Information sur la source

United States Holocaust Memorial Museum Documents choisis associés au Kindertransport, Royaume-Uni, 1938 à 1939 (USHMM) [base de données en ligne]. Lehi, UT, USA: Operations, Inc., 2014.

This collection was indexed by World Memory Project contributors from the digitized holdings of the United States Holocaust Memorial Museum, RG-59.075: Selected records relating to Kindertransport from the National Archives, UK. For more information about this collection, click on the collection title above to access the USHMM’s catalog record, or email [email protected].

 Documents choisis associés au Kindertransport, Royaume-Uni, 1938 à 1939 (USHMM)

Des millions de documents contenant des informations sur les victimes de la Shoah et de la persécution Nazi pendant la Seconde Guerre Mondiale existent toujours aujourd’hui. Cette collection contient un index des documents créés durant le Kindertransport, l’évacuation de près de 10 000 enfants d’Allemagne après les violences de la « Nuit de Cristal » (Kristallnacht).

Established in 1933 as the German Emergency Committee, the Friends Committee for Refugees and Aliens (FRCA) worked to help refugees from continental Europe fleeing persecution and war. Following Kristallnacht, which saw the murder and incarceration of many Jews in Germany, the organization set into motion a plan that would allow thousands of children to escape Germany in an evacuation that became known as "Kindertransport." The original documents are held by the National Archives (United Kingdom).

The Quakers, or “Friends,” negotiated with the German government to obtain safe passage for the children, and working with Jewish aid groups, the Kindertransport program evacuated approximately 10,000 children, with the Quakers responsible for 2,000.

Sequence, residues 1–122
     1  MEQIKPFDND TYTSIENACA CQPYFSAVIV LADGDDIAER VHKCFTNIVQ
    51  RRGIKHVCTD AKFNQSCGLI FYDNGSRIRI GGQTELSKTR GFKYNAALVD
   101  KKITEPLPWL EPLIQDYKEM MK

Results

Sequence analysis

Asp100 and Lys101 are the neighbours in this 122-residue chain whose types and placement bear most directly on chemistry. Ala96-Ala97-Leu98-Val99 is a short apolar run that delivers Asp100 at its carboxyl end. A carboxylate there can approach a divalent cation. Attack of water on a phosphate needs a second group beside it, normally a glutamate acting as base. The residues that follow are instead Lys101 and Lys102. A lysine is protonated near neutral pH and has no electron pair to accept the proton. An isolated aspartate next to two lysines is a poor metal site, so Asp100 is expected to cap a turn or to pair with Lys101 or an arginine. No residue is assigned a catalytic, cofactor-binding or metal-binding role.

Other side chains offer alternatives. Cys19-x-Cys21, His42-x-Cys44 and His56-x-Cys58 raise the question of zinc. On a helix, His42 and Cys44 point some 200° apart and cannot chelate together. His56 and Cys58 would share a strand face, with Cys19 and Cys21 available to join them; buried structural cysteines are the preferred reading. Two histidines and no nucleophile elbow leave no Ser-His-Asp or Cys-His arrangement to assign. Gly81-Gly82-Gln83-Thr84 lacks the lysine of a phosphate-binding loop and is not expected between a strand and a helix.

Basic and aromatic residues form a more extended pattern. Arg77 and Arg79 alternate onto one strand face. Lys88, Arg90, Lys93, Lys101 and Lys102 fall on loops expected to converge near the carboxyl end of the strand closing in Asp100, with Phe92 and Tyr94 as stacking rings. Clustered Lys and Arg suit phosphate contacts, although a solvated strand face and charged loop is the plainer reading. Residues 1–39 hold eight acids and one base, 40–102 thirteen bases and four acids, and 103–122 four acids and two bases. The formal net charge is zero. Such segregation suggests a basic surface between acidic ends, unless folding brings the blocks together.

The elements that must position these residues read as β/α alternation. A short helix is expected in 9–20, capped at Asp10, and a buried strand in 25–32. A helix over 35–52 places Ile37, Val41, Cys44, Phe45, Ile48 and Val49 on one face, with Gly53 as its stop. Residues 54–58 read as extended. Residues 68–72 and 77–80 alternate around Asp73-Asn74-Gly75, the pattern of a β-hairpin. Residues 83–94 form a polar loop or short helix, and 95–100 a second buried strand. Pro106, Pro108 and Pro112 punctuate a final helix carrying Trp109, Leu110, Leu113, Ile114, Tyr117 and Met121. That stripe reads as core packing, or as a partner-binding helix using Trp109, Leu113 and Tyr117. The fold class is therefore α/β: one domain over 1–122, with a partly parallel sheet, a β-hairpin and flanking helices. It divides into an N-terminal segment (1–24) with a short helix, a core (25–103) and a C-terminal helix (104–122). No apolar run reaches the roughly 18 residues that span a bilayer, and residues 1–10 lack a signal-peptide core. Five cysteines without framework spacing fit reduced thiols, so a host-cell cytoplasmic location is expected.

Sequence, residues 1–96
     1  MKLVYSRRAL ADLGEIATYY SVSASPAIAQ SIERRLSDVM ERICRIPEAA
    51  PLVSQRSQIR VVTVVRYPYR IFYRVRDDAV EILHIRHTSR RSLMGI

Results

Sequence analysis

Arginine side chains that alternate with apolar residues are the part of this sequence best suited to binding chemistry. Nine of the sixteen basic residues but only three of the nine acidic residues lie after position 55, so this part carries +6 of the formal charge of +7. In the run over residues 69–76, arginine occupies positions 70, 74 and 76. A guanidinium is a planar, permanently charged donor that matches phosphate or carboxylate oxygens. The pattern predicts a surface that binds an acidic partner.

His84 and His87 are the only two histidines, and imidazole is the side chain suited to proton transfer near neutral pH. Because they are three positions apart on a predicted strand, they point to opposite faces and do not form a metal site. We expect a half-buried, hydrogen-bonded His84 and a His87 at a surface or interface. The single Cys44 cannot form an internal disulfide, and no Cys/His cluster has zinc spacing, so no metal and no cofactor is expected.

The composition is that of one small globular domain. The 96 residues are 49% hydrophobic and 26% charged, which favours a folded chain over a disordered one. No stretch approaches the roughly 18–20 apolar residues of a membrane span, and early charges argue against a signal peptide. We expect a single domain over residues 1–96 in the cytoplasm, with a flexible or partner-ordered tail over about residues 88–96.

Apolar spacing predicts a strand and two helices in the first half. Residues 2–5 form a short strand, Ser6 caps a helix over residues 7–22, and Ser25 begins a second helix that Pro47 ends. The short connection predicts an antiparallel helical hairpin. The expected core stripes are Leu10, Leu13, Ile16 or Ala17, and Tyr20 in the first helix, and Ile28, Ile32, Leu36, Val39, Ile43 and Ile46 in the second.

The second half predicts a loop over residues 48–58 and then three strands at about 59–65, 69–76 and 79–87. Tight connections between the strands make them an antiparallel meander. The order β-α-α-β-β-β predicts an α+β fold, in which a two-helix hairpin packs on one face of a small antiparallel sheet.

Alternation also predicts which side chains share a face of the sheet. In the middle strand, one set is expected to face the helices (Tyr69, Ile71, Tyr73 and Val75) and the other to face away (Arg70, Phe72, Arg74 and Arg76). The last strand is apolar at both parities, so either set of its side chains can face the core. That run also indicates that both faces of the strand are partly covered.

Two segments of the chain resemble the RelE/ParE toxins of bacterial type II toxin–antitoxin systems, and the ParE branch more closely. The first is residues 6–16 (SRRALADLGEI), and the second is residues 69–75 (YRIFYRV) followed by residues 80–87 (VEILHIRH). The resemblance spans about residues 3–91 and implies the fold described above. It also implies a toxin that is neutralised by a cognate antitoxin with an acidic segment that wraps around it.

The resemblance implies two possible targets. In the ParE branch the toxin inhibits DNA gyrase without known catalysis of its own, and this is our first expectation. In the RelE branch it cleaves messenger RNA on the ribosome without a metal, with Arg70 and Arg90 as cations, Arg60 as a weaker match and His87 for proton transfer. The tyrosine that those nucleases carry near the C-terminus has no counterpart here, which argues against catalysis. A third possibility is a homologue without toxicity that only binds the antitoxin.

This collection is an index to lists of children who were transported from Germany through Kindertransport, as well as some adult emigrants. The index also references Quaker minutes, reports, and correspondence, as well as some travel documents.

Historical Background

The Religious Society of Friends, also known as Quakers, was founded by George Fox in the mid-17th century in England. Their strict moral code that placed faith above country, refusal to participate in the state church or pay tithes, and a non-violence ethic that forbade military service made them the subject of persecution. Despite this, Quakers, often called “Friends,” have made their mark in progressive social movements such as abolition, workers’ rights, women’s equality, and anti-war efforts. More information about Kindertransport is available in the online Holocaust Encyclopedia for ordering information.

Ordering Records

Additional details about these victims may be included in the original records. While the index is freely accessible from, the images of these records are not available in this database. Copies of the images can be ordered at no cost from the United States Holocaust Memorial Museum. Click here for ordering information.